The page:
Back to the Roots with Louis Armstrong

C. Michael Bailey By

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Why must we still listen to this tin-horn, old fashioned, moldy fig jazz when we have cool labels like ECM and Winter & Winter pressing the most cutting edge music imaginable? One reason is because the iconic cornet player Buddy Bolden left no recordings, thus making trumpeter/cornetist/singer Louis Armstrong the ground zero center of jazz. Armstrong changed the entire direction of jazz with his then novel improvisation techniques.

Live In Zurich, Switzerland 18.10.1949 and Live At The 1958 Monterey Jazz Festival were recorded 20 and 30 years after Armstrong began recording his famous Hot Fives and Hot Sevens sides. He had graduated to the Gravy Circuit, playing the music he made famous with no ambition of plowing new fields or defining new genres. Leave that stuff to descendent Miles Davis.

The music on these albums sounds vital in its sepia-toned splendor, anticipating swing and be-bop. Hipper, more contemporary music was being made and recorded at the same time as these performances, but none of that hipper, more contemporary music would have been possible had Armstrong not made this music first.

Louis Armstrong All Stars
Live In Zurich, Switzerland 18.10.1949
The Montreaux Jazz Label

There are a couple of things really endorsing this performance. The first is that Armstrong surrounds himself with a bunch of certified old timers like himself, including trombonist Jack Teagarden, pianist Earl Hines, drummer Cozy Cole, clarinetist Barney Bigard, bassist Arvell Shaw, and singer Velma Middleton.

The second is the fact that this performance is closer to Armstrong's salad days, before he became an American arts "ambassador." This in no way impugns the validity of the later Monterey performance; that is historic in its own right, 1958 being the inaugural festival (with this year the Golden Anniversary).

The listener need only cue up track three and hear Jack Teagarden kick off a boozy "Basin Street Blues" to understand the friendliness of the music that Teagarden and Armstrong were so instrumental in helping develop. Armstrong's brief break, before Teagarden tailgates his way through a chorus and his own solo afterward, shows the trumpeter as the seminal jazz force he was, inventive and always smiling. The instrumentalS "Royal Garden Blues" and "Struttin' With Some Barbeque" further demonstrate Armstrong's seriousness about the music.

Perhaps the best performances on the disc are Armstrong's total triumph, vocally and instrumentally on "Black and Blue" and Earl Hines' feature on the rocking "Fine and Dandy." Armstrong shows why he has influenced every jazz vocalist after him on the former, and Hines details all of piano history before—and some of after—on the latter.

This is genuine New Orleans jazz played in the rough and tumble manner of the 1930s, but a decade later. Armstrong's Swiss audience sounds large and appreciative, indicating that Armstrong indeed was an effective ambassador.

Louis Armstrong
Live At The 1958 Monterey Jazz Festival
Monterey Jazz Festival Records

Almost a decade later, when Armstrong appeared at the first Monterey Jazz Festival, he was received as royalty, introduced appropriately by John Birks Gillespie. The only hold over from his Zurich band is vocalist Velma Middleton. His theme to open the show is the same as before, "When It's Sleepy Time Down South." The remainder of the repertoire reflects the ten years that passed since the 1949 Swiss performance.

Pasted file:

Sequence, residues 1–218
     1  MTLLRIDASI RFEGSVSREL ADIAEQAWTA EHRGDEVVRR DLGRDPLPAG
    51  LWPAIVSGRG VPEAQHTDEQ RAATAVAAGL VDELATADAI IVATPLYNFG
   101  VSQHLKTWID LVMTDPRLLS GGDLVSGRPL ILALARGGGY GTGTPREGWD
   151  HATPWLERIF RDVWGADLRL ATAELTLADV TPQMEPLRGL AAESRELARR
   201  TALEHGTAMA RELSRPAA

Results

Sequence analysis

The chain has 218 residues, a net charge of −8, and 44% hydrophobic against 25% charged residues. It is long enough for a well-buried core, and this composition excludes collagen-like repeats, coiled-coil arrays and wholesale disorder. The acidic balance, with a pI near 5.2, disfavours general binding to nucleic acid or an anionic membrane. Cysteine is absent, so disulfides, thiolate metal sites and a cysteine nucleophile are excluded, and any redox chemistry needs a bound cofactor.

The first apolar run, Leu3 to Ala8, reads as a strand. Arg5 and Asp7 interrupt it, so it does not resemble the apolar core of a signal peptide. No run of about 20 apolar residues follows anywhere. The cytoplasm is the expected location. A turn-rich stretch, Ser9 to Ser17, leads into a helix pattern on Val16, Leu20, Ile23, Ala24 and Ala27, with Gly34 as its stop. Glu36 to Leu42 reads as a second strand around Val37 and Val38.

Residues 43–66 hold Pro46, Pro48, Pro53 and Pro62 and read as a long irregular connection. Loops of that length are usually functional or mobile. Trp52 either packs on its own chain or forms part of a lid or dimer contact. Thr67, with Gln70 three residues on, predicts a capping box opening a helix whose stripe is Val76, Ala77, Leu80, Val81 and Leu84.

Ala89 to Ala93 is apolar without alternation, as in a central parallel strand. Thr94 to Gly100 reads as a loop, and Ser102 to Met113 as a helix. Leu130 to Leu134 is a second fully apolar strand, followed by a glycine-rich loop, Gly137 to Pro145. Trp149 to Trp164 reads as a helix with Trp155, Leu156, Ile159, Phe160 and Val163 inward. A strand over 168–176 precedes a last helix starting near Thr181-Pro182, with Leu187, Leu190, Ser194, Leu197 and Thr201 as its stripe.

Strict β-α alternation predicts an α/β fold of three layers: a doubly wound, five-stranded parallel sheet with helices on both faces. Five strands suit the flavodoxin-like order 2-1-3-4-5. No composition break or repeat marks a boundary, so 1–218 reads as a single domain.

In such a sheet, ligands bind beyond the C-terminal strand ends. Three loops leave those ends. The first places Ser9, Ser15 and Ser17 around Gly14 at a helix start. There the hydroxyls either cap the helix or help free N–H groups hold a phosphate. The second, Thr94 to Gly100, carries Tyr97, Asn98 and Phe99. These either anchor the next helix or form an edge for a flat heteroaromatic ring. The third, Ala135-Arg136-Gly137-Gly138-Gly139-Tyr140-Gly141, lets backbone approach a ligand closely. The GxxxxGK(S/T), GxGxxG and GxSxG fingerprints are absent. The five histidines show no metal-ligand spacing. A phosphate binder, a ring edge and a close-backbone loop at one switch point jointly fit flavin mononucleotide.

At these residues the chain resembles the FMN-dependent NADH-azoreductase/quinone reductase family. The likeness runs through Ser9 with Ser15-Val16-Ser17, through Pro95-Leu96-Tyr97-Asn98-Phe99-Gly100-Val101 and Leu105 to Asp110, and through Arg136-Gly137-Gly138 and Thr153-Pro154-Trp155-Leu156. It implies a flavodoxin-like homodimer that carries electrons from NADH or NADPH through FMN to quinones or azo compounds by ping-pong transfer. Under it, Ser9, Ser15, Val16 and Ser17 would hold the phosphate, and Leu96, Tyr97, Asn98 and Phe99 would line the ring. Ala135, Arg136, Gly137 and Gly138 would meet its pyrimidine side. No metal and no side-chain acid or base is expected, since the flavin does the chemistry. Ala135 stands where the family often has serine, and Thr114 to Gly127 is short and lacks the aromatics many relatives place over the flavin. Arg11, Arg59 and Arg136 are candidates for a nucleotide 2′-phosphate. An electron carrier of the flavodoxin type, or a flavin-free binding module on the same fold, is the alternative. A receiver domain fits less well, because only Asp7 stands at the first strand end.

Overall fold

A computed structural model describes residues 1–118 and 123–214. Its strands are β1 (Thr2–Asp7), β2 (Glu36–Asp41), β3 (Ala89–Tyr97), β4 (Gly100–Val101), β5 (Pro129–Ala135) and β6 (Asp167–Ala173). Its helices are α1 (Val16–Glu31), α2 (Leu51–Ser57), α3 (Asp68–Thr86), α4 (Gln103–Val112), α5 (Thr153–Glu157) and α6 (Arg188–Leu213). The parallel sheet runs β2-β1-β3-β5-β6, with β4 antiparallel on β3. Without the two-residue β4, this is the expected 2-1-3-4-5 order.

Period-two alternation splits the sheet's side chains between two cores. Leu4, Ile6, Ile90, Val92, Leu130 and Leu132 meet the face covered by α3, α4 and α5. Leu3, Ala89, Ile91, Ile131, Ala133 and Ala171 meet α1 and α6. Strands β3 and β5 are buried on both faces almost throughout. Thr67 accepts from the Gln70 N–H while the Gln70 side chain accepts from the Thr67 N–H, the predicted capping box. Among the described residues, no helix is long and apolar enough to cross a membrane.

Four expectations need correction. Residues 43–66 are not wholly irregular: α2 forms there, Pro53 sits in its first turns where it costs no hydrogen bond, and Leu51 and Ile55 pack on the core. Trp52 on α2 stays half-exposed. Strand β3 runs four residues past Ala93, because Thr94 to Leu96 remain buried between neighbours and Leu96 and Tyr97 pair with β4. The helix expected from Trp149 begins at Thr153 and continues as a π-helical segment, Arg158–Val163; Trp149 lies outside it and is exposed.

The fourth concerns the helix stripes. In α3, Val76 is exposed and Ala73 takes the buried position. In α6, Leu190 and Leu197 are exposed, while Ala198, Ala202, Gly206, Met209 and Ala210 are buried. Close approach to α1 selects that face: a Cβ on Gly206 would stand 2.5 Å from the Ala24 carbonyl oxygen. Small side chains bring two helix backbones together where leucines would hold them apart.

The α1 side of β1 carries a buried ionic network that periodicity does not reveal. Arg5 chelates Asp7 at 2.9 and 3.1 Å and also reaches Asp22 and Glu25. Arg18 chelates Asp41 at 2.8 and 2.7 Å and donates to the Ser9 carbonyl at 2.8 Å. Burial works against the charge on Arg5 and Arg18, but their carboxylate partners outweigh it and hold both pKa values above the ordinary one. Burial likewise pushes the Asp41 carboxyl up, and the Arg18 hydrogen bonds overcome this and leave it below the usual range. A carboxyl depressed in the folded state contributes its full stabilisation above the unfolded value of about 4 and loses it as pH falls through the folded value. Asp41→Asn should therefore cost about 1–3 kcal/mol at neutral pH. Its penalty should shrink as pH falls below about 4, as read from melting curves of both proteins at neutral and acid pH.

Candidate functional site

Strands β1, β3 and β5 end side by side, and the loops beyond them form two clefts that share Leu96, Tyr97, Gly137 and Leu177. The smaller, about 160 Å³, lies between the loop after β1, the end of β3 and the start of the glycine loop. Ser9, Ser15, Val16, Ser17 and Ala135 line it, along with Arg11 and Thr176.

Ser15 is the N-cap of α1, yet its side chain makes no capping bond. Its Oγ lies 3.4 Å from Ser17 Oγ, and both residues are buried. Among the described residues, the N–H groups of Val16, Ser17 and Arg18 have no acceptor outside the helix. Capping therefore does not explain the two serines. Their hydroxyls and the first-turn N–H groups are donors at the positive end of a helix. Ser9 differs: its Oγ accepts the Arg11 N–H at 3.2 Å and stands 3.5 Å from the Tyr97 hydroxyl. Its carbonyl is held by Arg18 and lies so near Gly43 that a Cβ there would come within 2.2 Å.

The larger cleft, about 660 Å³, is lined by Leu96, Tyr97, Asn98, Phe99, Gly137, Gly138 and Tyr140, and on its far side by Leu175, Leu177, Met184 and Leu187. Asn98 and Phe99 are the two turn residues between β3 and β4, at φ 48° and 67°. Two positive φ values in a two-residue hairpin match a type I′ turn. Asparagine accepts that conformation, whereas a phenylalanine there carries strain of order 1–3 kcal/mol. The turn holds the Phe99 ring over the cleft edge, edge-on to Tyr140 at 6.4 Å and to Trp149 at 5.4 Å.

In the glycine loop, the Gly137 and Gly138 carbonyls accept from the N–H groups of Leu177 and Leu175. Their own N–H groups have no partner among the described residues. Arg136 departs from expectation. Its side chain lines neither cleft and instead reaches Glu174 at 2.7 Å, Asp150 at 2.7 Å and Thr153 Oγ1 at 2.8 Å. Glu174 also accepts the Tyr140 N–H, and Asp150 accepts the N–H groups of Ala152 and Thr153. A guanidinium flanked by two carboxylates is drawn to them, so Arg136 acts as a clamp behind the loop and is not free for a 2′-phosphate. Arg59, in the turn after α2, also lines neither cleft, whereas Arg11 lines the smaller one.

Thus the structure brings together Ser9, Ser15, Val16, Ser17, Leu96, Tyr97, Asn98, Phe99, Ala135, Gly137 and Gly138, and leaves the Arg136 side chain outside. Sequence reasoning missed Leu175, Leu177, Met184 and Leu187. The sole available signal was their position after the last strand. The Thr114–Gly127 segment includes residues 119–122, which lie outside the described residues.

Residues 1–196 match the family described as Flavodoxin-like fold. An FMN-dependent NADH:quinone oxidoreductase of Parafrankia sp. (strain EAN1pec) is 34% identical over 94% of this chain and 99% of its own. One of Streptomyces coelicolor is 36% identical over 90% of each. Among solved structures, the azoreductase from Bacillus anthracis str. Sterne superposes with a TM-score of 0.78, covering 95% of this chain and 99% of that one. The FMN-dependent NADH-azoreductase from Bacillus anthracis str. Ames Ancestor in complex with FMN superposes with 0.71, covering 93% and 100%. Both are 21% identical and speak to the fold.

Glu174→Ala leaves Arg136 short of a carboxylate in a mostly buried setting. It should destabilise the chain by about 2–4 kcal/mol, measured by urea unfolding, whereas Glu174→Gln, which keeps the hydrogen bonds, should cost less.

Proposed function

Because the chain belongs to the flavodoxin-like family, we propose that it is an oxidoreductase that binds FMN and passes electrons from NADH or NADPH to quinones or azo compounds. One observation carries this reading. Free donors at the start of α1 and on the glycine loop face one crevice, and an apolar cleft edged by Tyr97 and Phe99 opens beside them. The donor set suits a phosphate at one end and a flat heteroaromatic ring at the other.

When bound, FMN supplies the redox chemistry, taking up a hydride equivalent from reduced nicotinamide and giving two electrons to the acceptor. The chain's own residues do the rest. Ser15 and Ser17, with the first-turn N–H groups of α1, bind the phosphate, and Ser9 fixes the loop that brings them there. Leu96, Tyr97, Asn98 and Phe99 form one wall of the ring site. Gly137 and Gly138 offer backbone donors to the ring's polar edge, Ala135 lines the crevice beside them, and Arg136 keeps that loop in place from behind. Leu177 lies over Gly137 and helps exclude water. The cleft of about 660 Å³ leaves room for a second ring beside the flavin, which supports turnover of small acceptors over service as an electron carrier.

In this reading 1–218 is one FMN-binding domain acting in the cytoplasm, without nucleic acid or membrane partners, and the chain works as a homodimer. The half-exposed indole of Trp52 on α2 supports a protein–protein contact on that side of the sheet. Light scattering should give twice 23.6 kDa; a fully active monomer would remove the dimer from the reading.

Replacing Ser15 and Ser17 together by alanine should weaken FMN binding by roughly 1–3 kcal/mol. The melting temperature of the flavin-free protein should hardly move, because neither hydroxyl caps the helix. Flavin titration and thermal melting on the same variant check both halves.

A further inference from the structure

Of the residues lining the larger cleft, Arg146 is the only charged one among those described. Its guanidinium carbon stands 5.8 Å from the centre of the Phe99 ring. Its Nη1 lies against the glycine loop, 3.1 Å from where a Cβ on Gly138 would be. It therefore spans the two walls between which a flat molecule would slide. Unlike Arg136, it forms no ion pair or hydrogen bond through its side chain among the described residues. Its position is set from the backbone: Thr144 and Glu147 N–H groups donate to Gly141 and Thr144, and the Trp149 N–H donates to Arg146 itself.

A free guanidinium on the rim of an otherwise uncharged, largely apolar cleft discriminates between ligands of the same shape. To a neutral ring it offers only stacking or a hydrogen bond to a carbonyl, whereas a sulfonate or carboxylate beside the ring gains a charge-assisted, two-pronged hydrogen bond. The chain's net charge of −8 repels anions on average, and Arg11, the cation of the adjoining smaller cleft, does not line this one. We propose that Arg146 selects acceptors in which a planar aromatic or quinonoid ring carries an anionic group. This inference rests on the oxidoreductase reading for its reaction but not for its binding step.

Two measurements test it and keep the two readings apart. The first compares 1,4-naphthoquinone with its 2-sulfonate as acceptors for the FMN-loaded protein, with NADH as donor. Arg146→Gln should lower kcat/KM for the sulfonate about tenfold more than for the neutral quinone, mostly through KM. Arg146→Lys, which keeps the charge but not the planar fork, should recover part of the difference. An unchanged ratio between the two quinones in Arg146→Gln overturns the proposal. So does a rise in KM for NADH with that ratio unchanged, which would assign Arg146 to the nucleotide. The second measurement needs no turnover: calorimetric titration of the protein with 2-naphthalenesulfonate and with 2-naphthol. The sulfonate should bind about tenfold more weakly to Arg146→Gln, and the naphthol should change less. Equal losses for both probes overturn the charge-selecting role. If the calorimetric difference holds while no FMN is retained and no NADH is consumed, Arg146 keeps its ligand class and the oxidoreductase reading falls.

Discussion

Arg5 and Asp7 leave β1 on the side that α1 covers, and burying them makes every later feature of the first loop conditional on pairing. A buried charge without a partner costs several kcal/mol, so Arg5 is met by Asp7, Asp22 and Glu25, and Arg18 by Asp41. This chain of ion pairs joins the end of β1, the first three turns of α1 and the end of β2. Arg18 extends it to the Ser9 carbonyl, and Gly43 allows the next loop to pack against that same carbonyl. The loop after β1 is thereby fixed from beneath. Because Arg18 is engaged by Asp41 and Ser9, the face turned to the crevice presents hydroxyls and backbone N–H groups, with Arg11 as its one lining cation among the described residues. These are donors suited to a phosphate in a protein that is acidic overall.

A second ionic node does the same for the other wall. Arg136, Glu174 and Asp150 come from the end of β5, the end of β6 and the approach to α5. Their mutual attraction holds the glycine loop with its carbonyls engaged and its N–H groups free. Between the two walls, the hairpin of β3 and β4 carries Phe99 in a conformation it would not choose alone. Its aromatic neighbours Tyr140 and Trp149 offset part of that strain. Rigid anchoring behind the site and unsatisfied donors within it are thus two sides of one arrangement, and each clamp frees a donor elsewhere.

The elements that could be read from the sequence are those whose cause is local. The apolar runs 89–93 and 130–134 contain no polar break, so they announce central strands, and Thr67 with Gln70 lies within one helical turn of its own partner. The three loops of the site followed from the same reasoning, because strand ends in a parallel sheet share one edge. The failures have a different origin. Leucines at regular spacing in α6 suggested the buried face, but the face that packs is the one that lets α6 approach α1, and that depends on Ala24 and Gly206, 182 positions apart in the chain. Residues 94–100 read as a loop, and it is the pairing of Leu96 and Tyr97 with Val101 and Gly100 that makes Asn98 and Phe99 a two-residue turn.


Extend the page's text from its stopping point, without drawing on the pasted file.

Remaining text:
Armstrong sprinkles Fats Domino's "Blueberry Hill," Juan Tizol's "Perdido," and Kurt Weill's "Mack The Knife" among the Dixieland standards "Indiana," "Tiger Rag," and "Bucket's Got A Hole In It." There is plenty of Armstrong horn, but much more Armstrong singing than on the Zurich recording. Armstrong also digs into the American songbook, pulling out chestnuts such as "Autumn Leaves," "After You've Gone," and "These Foolish Things."

By the late 1950s, Armstrong had fully taken on his ambassador roll. He was still performing at a very high level and still had a cracking horn. When a listening public might have expected Armstrong to rest on his laurels and coast through these performances, Armstrong thought otherwise, electing to maintain his standard of grace and hipness, always professional.

These recordings are important as they are previously unreleased live performances by one of the handful of the greatest innovators in not just jazz, but all of American music. This is jazz that is okay to smile with.

Tracks and Personnel

Live In Zurich, Switzerland 18.10.1949

Tracks: When It's Sleepy Time Down South; That's A Plenty; Basin Street Blues; Royal Garden Blues; Struttin' With Some Barbeque; Black And Blue; Velma's Blues; Honey Suckle Rose; Fine And Dandy; Body And Soul; Back O'Town Blues; High Society; Do You Know What It Means; The Huckle-Buck.

Personnel: Louis Armstrong: vocals, trumpet; Jack Teagarden: vocals, trombone; Velma Middleton: vocals; Barney Bigard: clarinet; Earl Hines: piano; Arvell Shaw: bass; Cozy Cole: drums.

Live At The 1958 Monterey Jazz Festival

Tracks: Introduction by Dizzy Gillespie; When It's Sleepy Time Down South; (Back Home Again In) Indiana; Blueberry Hill; Tiger Rag; Now You Has Jazz; High Society Calypso; Bucket's Got A Hole In It; Perdido; Autumn Leaves; After You've Gone; These Foolish Things; Mack The Knife; Stompin' At The Savoy; Undecided; St. Louis Blues; That's My Desire; When The Saints Go Marching In.

Personnel: Louis Armstrong: vocals, trumpet; Trummy Young: trombone, vocals; Peanuts Hucko: clarinet; Billy Kyle: piano; Mort Herbert: Bass; Danny Barcelona: drums; Velma Middleton: vocals.


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